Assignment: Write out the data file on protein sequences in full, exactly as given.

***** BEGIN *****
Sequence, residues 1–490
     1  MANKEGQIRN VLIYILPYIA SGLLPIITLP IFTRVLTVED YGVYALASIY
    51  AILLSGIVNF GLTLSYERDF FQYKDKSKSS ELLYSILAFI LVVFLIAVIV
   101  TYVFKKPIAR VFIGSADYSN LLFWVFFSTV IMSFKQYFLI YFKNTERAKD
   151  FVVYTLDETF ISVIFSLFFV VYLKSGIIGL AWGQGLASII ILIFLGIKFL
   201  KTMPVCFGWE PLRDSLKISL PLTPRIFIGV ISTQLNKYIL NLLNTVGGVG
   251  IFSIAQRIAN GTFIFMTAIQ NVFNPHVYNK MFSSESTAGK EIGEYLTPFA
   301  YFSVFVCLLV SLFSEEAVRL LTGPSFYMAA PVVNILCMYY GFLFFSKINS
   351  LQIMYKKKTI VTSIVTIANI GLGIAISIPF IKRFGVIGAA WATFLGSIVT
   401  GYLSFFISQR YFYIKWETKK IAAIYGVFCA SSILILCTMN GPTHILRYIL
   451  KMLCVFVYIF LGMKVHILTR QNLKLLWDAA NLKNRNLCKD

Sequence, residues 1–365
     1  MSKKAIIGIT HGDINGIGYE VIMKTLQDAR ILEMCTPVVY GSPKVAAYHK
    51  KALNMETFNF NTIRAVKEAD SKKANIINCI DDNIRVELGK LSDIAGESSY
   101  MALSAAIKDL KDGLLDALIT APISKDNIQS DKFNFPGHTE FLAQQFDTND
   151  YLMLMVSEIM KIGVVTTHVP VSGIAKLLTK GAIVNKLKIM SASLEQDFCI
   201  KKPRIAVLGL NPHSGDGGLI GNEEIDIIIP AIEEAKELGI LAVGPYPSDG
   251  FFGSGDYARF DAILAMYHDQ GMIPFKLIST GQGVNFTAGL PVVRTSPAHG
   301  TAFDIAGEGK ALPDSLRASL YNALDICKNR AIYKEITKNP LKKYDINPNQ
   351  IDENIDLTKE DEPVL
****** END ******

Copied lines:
Sequence, residues 1–490
     1  MANKEGQIRN VLIYILPYIA SGLLPIITLP IFTRVLTVED YGVYALASIY
    51  AILLSGIVNF GLTLSYERDF FQYKDKSKSS ELLYSILAFI LVVFLIAVIV
   101  TYVFKKPIAR VFIGSADYSN LLFWVFFSTV IMSFKQYFLI YFKNTERAKD
   151  FVVYTLDETF ISVIFSLFFV VYLKSGIIGL AWGQGLASII ILIFLGIKFL
   201  KTMPVCFGWE PLRDSLKISL PLTPRIFIGV ISTQLNKYIL NLLNTVGGVG
   251  IFSIAQRIAN GTFIFMTAIQ NVFNPHVYNK MFSSESTAGK EIGEYLTPFA
   301  YFSVFVCLLV SLFSEEAVRL LTGPSFYMAA PVVNILCMYY GFLFFSKINS
   351  LQIMYKKKTI VTSIVTIANI GLGIAISIPF IKRFGVIGAA WATFLGSIVT
   401  GYLSFFISQR YFYIKWETKK IAAIYGVFCA SSILILCTMN GPTHILRYIL
   451  KMLCVFVYIF LGMKVHILTR QNLKLLWDAA NLKNRNLCKD

Sequence, residues 1–365
     1  MSKKAIIGIT HGDINGIGYE VIMKTLQDAR ILEMCTPVVY GSPKVAAYHK
    51  KALNMETFNF NTIRAVKEAD SKKANIINCI DDNIRVELGK LSDIAGESSY
   101  MALSAAIKDL KDGLLDALIT APISKDNIQS DKFNFPGHTE FLAQQFDTND
   151  YLMLMVSEIM KIGVVTTHVP VSGIAKLLTK GAIVNKLKIM SASLEQDFCI
   201  KKPRIAVLGL NPHSGDGGLI GNEEIDIIIP AIEEAKELGI LAVGPYPSDG
   251  FFGSGDYARF DAILAMYHDQ GMIPFKLIST GQGVNFTAGL PVVRTSPAHG
   301  TAFDIAGEGK ALPDSLRASL YNALDICKNR AIYKEITKNP LKKYDINPNQ
   351  IDENIDLTKE DEPVL